It is essential for the integrity, credibility and mission of the church that we read the Bible well. Modern evangelicalism has preserved a particular theological outcome, a thesis, from scripture—the argument that God became incarnate in Jesus for the purpose of dying for the sins of the whole world so that we might be saved or redeemed or justified or reconciled with God, live holy lives here on earth, and have the ultimate hope of going to heaven when we die. This thesis, however, has been so critical not only for the identity but arguably for the survival of the modern church that it has come to be understood not simply as a particular theological outcome but as the determinative canon for the reading of scripture. The effectiveness of the modern gospel has, therefore, come at a considerable hermeneutical price.
I argued in the recent posts on Luke’s Christmas stories and on Paul’s description of Jesus as a “servant of circumcision” that a central plot-line in the New Testament narrative is that God saves Israel through Jesus and the Gentiles respond to this, in the first place, by praising the God who has proved himself righteous, proved himself faithful to his people, shown mercy to his people in this way. The “salvation” of the Gentiles is secondary to that and has a quite different narrative-historical dynamic.
I want to pursue the argument a bit further by considering two rather disparate texts: Paul’s address to the Jews and God-fearers in the synagogue in Pisidian Antioch (Acts 13:16-41), and an account of the eschatological restoration of Israel in Sibylline Oracles, which I think I will save until tomorrow.
At the beginning of last year a lot of people were proclaiming the imminent demise of the emerging church. That prognosis may have been premature. Andrew Jones is sometimes credited with having written a self-defeating obituary from within the movement, but he has clarified his position: the emerging movement has not died, it has evolved. An upbeat post by Jonathan Brink on the Emergent Village Weblog also suggests that what Anthony Bradley declared dead a year ago was merely a passing form of the phenomenon—and good riddance to it. Meanwhile, the underlying issues have not gone away: “People were still gathering together in pubs, coffee houses and homes, wrestling with questions of faith, reformation, atonement, the goodness of God, what it means to follow Jesus, and how to live in a post-Christian culture.” He goes on to list a number of publications and events as evidence that the emerging movement is still active and influential. He concludes:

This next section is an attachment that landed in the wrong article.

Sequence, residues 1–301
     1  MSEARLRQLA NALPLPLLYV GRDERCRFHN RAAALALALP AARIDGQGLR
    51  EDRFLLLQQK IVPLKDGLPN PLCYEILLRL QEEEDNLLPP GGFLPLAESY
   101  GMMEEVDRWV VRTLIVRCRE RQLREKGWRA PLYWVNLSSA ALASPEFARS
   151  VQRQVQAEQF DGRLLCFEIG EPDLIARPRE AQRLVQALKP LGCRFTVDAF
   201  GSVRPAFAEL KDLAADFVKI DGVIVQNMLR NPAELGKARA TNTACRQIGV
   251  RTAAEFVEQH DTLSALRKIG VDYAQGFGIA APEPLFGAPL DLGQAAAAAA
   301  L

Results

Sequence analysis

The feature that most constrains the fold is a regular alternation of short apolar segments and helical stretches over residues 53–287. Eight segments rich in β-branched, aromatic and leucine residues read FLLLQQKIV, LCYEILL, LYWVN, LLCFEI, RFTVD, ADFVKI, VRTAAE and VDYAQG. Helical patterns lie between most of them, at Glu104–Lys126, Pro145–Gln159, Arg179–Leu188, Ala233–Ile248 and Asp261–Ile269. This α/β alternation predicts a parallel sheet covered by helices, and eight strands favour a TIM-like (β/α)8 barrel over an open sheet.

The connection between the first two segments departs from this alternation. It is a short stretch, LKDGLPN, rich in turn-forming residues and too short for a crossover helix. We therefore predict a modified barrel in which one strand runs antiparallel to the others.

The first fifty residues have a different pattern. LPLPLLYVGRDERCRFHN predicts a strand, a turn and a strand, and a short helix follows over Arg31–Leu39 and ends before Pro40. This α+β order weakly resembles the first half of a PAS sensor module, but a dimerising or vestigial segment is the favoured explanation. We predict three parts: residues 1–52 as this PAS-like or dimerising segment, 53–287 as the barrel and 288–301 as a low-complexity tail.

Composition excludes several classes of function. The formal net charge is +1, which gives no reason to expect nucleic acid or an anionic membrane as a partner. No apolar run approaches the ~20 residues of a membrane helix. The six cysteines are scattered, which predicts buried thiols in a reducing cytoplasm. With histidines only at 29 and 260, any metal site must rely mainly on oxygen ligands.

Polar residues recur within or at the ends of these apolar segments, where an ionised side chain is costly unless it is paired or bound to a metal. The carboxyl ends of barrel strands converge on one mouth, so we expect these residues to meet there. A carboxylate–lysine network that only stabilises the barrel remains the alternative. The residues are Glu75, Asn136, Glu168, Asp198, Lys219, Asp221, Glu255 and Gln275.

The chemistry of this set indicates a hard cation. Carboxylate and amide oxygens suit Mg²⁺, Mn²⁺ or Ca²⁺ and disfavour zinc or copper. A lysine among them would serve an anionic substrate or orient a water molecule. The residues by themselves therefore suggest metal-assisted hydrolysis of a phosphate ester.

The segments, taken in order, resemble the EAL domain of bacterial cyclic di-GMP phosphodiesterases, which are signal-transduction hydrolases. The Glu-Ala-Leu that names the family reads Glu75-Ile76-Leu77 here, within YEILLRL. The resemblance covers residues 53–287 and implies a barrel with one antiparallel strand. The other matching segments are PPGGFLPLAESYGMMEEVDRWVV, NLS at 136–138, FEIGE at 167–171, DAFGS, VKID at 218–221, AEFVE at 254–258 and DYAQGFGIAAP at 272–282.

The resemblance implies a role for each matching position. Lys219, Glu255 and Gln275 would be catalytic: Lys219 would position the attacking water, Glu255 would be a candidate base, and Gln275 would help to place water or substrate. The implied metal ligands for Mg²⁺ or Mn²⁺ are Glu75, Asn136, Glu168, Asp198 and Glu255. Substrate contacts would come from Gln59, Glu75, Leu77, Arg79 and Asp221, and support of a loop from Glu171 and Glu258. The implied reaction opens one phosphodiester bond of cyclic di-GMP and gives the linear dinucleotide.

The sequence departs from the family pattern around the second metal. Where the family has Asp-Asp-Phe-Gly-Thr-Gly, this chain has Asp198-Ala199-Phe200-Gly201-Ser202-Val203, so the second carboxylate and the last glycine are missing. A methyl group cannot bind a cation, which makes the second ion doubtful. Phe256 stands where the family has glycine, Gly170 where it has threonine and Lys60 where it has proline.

The emerging church isn’t dead. It’s just finally wrestled with the angel and won. It’s shedding it [sic] old image, the one that got people so riled up in the first place. The conversations won’t ever go away because in the end, we’re looking for what it means to be human. We’re looking to discover the reality that Jesus was trying to present, one of infinite grace and beauty, stark reality of the kingdom of God in our midst, and a renewed sense of possibility for the restoration of the world.
What we are faced with here is a basic dilemma regarding the structure of the story about salvation in Jesus. On the one hand, we have a conventional view, according to which Jesus is sent into the world in order to save humanity from its sins. On the other, we have the argument that Jesus “came” to save Israel from its sins, an event which subsequently came to have radical implications for the Gentiles. This was the tenor of the posts on the true-meaning-of-Luke’s-Christmas. In relation to Romans 15:8 there is the further particular issue of how the significance of the salvation of Israel is pertinent for the nations.
My argument in The Future of the People of God is that Paul is thinking in rather consistent Old Testament terms of the nations praising YHWH for his mercy towards Israel. What prompted this inconsiderately lengthy re-examination was some comments by Peter Wilkinson disputing this reading of the text. His argument is essentially that the “blessing” of the nations as the fulfilment of the promise to Abraham is much more directly in view in Paul’s argument.